Let's look at how this works by creating a people struct:. Notice that we're able to specify any data type that we want! We've used strings for both attributes here. We could add up to 17 different attributes here with any data type. For now, let's keep it simple and only use two attributes to model the person. Now we need a place to store this person struct. Let's use an array for this! We can declare people array like this:. Notice we declare the type within the array, i.
We also set the visibility to public and assigned it to a state variable called people. This will provide us with a function that will allow us to access the people inside this array. I should mention though, that calling the people function outside the smart contract will not return the entire array. Instead, the people function will accept an index argument that will allow us to reference the person inside the array based upon that index, which is zero-based.
For example, we can access the first person in the people array like this:. Now let's create a way to add a person to this array. We'll create an addPerson function like this:. This function will accept the arguments for the person struct attributes, then instantiate a new person and add it to the people array with the push function. It also increments the peopleCount state variable by 1.
We can implement that state variable in the smart contract like this:. We'll use this value as a counter cache. Remember how I said that you can't return the entire people array with the people function? Knowing how many people are inside this array will help us know how many times we must call the people function to get each person.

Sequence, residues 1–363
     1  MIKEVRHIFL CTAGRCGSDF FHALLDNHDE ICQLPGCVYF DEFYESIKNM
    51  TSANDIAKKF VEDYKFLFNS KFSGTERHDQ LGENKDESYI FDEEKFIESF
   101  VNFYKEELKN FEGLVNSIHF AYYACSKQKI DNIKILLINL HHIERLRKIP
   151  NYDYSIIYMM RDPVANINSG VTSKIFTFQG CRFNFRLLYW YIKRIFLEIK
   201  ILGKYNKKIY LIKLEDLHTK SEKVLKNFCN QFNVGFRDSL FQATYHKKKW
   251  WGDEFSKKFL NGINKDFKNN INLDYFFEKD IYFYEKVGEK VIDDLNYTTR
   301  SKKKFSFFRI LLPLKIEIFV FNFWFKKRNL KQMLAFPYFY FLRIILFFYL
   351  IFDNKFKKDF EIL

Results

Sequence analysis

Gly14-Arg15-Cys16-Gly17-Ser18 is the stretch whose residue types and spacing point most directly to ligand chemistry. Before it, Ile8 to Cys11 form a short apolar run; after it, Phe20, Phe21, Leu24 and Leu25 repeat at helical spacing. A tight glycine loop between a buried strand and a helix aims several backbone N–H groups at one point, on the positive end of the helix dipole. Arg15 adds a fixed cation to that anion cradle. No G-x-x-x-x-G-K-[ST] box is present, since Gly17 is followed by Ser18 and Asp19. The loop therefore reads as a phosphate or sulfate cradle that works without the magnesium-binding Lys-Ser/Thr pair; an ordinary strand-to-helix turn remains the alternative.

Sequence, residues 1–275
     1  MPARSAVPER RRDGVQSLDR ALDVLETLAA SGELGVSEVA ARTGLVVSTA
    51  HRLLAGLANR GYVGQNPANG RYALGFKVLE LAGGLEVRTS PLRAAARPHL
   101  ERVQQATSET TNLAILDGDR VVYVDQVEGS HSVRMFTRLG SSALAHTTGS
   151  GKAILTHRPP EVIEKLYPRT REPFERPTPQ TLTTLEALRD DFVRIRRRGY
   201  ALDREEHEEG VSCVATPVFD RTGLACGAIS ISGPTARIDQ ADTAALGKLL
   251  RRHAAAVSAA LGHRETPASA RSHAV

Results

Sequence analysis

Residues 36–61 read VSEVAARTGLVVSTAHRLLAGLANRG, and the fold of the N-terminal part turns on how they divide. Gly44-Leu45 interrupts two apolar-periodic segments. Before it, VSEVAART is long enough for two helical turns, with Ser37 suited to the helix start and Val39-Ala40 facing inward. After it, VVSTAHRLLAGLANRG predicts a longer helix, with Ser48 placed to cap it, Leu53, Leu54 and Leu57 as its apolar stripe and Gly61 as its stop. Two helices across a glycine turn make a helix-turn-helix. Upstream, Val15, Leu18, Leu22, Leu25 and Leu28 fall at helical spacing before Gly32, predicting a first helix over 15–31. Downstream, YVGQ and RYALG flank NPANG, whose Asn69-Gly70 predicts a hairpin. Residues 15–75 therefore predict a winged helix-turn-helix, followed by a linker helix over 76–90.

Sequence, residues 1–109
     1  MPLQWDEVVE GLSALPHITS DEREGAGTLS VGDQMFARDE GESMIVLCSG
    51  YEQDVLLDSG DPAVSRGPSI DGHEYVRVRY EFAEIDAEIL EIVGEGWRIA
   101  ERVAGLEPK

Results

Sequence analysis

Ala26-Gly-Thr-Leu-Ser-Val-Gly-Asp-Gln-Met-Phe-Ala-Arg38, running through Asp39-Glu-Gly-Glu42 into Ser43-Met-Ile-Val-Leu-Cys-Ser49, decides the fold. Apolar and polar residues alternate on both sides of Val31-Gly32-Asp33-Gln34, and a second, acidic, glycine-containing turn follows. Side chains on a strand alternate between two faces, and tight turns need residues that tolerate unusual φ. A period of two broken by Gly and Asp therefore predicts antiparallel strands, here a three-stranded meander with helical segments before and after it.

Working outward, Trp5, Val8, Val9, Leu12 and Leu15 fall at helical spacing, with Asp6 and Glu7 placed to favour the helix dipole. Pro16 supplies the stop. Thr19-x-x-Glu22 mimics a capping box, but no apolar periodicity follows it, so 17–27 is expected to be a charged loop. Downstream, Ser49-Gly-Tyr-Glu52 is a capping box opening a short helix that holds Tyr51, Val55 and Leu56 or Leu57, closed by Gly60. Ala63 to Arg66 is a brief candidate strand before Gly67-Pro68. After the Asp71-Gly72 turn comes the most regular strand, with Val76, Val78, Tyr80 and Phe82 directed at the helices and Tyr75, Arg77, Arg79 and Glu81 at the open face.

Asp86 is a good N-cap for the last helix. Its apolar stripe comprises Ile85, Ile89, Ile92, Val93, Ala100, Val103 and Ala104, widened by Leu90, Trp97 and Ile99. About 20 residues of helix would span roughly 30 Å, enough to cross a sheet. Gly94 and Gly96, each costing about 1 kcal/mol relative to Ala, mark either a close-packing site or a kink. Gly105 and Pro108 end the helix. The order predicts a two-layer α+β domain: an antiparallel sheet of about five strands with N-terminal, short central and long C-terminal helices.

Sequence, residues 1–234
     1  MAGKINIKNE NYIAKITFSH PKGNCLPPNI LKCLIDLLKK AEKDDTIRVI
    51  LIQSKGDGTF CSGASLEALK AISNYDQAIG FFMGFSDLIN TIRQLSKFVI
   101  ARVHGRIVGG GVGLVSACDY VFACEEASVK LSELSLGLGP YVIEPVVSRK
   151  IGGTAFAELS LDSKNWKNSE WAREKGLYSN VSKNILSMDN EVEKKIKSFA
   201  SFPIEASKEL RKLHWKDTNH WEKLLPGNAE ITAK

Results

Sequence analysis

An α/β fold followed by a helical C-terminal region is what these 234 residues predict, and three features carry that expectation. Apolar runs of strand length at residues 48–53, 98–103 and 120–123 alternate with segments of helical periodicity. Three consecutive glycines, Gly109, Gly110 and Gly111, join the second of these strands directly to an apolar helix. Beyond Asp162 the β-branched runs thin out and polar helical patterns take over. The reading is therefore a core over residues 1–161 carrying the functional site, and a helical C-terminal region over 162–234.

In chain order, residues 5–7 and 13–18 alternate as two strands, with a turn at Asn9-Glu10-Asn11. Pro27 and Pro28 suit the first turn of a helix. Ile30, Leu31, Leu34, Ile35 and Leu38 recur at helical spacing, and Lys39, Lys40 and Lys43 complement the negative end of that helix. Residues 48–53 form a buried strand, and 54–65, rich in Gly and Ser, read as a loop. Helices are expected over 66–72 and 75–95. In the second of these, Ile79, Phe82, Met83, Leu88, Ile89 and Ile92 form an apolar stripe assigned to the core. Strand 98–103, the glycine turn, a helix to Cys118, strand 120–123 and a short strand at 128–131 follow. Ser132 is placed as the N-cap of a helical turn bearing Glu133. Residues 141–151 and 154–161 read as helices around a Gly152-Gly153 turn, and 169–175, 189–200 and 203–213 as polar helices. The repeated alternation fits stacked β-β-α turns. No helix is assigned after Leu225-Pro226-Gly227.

Solidity provides a data structure called a mapping which allows us to store key-value pairs. This structure acts much like an associative array or a hash table in other functions. We can declare a mapping in the smart contact like this:. This will be a mapping where we store person structs. It will replace the people array we used in the previous example.
The key will be an unsigned integer, and the value will be a person struct. We'll treat the key like a database id. We can update the person struct to keep track of that id like this:. Now we can modify the addPerson function to update the people mapping like this:.
This uses the peopleCount counter cache to create an id for the person. Then it instantiates a new person struct with the id and the passed in attributes. It then adds this to the people mapping. I would hate to see us reduced to essentially one contract language well, two with the other seldom-used language, Serpent. I know there's talk of switching to a Web Assembly-based VM which would open it up to multiple languages with some work to add gas metering, but that's likely years off.
Jacob Stenum Czepluch. If a library emits an event what is the associated contract address? Andy Loughran. Is it possible to prove that a contract matches a deployed contract and hasn't been modified? Can I check subsequently created contracts against the one I know to be valid to check that it's the same code? Would that work if the constructor was different? Another option is to deploy a "contract factory", which can be called to create a new contract, and maintains a mapping of valid contract addresses.